Radio waves are polarized waves

Radio waves with angular momentum: Is the shortage of frequencies over?

In the last few weeks, a groundbreaking research result has been making the rounds: Rotated waves should make it possible to transmit several signals at the same time on one frequency. In theory, there can even be any number. Will the shortage of frequencies, which has so far caused the mobile network providers to buy billions of dollars in licenses, soon be a thing of the past?

Inventory: What is already happening on one frequency today

Polarization at a 45 degree angle
Graphic: In order to take away the mystical effect of the researchers led by Fabrizio Tamburini, let us briefly introduce what is already possible today in order to transmit several signals on one frequency. Essentially, these are polarization and MIMO ("multiple input, multiple output").

The polarization indicates in which direction the electrical waves of a radio or mobile radio wave vibrate. This can be up / down (vertical), left-right (horizontal) or any other angle. Even circular polarization is possible, in which the plane of polarization rotates continuously as a wave progresses.

However, electromagnetic waves, which incidentally include not only radio waves but also light, have some complex properties. With regard to polarization, these essentially mean: Even if any number of polarization states are possible - you just have to set the polarization angle precisely enough - it is not possible to distinguish more than two types of polarization in the receiver. A circular polarization, or also a polarization at a 45 ° angle, can be broken down into "50 percent horizontal" and "50 percent vertical", for example. As a result, only one pair of opposite polarizations can be used for data transmission, for example "horizontal and vertical", "+ 45 ° and -45 °" or "counterclockwise and clockwise circular".

Even if the above statement is initially discouraging: Polarization is a tried and tested means of doubling the transmission capacity on a frequency. The best-known application is probably the 3D cinema: There are usually two polarization filters in the 3D glasses, one for left-handed light, one for right-handed light. In this way, two different versions of the same film - one from the perspective of the left eye, one from the perspective of the right eye - are simultaneously transmitted from the projector via the screen to the viewer.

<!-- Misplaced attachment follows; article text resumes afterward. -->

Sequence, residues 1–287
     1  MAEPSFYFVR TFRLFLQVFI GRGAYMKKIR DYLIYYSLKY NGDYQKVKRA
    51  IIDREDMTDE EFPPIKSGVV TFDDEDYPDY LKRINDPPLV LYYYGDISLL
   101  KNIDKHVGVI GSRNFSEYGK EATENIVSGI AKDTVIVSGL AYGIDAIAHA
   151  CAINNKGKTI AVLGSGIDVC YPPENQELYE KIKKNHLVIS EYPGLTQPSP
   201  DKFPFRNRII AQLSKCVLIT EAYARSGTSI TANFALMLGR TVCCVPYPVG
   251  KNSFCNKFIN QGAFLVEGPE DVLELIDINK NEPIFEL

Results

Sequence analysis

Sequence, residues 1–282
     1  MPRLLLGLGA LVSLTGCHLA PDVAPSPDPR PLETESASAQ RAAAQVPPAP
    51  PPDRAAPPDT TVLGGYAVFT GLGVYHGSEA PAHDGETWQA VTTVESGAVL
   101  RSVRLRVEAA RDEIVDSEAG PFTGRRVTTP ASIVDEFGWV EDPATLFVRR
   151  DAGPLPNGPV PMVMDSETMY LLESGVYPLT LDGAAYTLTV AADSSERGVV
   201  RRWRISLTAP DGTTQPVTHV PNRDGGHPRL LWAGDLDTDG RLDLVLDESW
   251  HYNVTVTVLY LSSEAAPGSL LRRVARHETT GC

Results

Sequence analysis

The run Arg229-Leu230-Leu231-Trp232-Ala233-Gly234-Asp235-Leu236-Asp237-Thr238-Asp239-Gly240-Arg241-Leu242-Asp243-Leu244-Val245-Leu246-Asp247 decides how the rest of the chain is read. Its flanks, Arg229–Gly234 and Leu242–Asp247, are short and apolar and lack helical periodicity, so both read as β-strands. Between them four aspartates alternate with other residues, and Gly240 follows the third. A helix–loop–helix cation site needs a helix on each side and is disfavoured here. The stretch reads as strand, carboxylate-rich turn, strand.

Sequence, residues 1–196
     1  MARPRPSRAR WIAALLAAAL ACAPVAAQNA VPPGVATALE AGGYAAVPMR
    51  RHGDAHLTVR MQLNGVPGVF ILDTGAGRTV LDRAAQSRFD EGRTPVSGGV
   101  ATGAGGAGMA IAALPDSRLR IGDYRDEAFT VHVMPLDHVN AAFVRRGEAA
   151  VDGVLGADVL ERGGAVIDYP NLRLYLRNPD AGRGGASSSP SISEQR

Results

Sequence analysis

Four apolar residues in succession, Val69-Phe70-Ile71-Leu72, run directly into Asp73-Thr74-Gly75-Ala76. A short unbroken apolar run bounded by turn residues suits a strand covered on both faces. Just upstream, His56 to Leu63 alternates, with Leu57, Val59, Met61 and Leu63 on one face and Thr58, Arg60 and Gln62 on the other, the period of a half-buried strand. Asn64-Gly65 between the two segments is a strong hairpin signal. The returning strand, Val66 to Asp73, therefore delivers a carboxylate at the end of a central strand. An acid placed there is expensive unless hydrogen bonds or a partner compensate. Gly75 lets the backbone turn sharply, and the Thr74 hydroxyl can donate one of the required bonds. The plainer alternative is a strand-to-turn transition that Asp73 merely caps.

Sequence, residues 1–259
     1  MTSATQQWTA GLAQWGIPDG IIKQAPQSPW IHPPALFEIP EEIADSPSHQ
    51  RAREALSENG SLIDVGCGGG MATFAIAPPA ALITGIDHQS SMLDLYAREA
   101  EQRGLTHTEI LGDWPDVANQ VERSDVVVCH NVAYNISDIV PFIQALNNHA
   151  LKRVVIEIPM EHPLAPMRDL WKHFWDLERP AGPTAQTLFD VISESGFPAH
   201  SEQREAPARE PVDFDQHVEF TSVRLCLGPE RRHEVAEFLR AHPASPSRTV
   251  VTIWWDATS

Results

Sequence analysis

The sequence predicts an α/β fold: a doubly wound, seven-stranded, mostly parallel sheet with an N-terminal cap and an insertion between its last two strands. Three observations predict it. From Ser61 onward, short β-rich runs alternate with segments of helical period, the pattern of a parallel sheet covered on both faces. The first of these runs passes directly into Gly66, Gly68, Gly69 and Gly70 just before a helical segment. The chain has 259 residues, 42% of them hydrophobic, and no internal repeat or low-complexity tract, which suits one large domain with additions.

But polarization is also used in classic broadcast technology, especially in satellite broadcasting: in the lists with the channel occupancy, in addition to the frequency, it always states whether there is horizontal and vertical polarization. Even if the exact same frequency is usually not polarized horizontally and vertically: The individual bands are typically 36 MHz wide, so that, for example, 11464 MHz are horizontal (Pro Sieben and Sat.1 in HD on Astra) and 11479 vertical (some French SD channels on Astra) overlap and could not be separated without polarization.

Complex calculation: MIMO

vertical polarization
Graphic: Even more capacity increases are possible with MIMO technology: Here, both the transmitter and the receiver use several antennas at the same time and on the same frequency. Even if you would like to think that only a "cacophony" of superimposed signals arrives at the recipient: The modern signal processing chips in the mobile phone and base station can separate the multiple voices from each other again.

horizontally polarized wave
Graphic: However, there are also problems here: To quadruple the transmission capacity, for example, four times more antennas are required. If you were to simply use four times the bandwidth instead, one antenna would still be sufficient. In addition, the antennas should, if possible, be at least a whole wavelength apart, but in any case a not only insignificant part thereof. When it comes to cell phones, where smaller devices are usually more popular than large devices, you quickly reach their limits. Multipath propagation, if the signal is reflected on house walls, the ground or other surfaces, can make the use of MIMO difficult or even impossible.

On the following page we explain the newly developed process in detail and how you can visualize it.